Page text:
A recruitment firm has noted financial advisory clients are increasingly conscious and concerned about the dealer group or licensee to which their planner belongs in the wake of the disagreeable industry practices of some organisations uncovered by the financial services royal commission.
“Principal advisers and owners of small practices have explained that their clients now ask who licenses the firm and which products they are able to recommend,” recruitment specialist Hays said in its January to June 2020 jobs report.
As a result, the employment agency said smaller wealth management firms are avoiding associations with the banks and larger dealer groups, with many of them changing licensees.
The report also highlighted the effect the royal commission is continuing to have on adviser numbers at all levels.
“Senior advisers who lack the capability or the willingness to undertake further study are leaving the industry as they accept the fact that they must exit by 2024,” Hays said.
“We are also now seeing less experienced financial advisers leave the industry in favour of other financial services roles, such as business development manager, practice development manager, remediation case manager and investment adviser.”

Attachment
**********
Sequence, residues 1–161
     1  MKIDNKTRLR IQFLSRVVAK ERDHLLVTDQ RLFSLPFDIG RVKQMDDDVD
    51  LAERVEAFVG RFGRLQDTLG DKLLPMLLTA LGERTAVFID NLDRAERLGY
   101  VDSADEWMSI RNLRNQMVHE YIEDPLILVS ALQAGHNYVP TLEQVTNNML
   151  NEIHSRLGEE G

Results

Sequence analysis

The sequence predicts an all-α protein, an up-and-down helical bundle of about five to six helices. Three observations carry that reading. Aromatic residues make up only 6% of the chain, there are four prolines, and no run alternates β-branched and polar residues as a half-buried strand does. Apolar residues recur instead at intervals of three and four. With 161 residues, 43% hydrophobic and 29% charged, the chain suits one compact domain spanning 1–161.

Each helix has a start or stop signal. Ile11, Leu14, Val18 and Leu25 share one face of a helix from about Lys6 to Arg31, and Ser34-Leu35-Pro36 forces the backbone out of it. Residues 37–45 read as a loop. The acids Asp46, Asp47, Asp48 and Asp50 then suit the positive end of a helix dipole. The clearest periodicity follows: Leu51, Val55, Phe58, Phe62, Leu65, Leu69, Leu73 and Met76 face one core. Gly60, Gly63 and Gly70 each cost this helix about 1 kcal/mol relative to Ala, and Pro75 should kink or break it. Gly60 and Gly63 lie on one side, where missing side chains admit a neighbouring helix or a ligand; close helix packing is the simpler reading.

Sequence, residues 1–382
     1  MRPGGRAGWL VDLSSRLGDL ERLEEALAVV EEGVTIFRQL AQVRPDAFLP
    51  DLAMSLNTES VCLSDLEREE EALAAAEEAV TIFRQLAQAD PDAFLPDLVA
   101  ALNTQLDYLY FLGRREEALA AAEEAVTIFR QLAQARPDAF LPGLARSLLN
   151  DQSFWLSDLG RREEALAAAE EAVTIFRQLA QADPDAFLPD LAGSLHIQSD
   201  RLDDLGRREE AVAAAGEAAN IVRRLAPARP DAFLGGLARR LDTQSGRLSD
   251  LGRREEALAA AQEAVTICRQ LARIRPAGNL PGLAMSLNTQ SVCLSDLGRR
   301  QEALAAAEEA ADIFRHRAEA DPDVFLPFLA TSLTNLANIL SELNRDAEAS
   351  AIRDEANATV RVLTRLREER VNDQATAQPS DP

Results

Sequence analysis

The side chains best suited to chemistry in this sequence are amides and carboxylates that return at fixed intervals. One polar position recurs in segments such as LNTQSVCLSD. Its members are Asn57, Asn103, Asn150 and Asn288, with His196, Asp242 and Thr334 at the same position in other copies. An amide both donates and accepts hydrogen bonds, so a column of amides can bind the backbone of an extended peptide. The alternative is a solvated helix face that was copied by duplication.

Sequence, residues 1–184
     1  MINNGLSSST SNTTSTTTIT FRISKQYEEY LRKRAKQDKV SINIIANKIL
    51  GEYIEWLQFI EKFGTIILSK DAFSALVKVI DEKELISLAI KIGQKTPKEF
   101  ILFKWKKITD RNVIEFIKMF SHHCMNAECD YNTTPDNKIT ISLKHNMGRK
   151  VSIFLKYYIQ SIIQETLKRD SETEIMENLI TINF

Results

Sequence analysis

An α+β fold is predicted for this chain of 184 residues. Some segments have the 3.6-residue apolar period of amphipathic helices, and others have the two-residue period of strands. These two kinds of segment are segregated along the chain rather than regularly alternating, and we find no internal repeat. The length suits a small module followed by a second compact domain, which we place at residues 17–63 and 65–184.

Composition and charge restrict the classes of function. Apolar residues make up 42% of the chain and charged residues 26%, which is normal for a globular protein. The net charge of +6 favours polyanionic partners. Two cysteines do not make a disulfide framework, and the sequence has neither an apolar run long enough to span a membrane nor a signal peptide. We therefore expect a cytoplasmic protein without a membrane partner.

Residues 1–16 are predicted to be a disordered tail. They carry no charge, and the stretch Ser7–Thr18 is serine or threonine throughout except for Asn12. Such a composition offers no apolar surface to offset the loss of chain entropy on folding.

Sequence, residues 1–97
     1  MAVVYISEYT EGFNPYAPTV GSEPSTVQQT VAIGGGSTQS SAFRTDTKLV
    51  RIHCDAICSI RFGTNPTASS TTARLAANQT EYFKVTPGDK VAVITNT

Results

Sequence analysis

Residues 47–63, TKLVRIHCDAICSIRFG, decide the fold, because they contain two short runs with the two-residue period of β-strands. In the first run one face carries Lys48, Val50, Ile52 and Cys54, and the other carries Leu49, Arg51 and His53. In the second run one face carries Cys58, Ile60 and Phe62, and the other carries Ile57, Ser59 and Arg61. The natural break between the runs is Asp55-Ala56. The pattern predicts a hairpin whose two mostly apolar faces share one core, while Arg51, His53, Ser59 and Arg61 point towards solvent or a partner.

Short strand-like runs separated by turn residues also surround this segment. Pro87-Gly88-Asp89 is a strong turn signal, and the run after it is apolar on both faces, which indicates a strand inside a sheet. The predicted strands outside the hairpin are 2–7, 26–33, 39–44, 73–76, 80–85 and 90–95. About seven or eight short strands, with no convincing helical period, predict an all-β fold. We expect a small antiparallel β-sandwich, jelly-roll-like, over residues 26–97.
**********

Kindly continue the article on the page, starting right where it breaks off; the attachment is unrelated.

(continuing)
The agency pointed out a similar phenomenon is being experienced in the paraplanning space.
“Following the banking royal commission, compliance remediation roles continue to be created. These are jobs that paraplanners like to move into, which has further added to the existing paraplanner shortage,” the report said.
Due to a shortage of individuals to fill vacant financial planning and paraplanning roles, Hays has observed an associated demand for higher salaries in the sector.
“Skilled professionals at all levels within wealth management are asking for a salary increase of between $10,000 and $40,000,” it said.
“Technical candidates are asking for a pay raise in response to higher expectations and workloads placed on them, while advises are doing so in response to restructured bonus components.”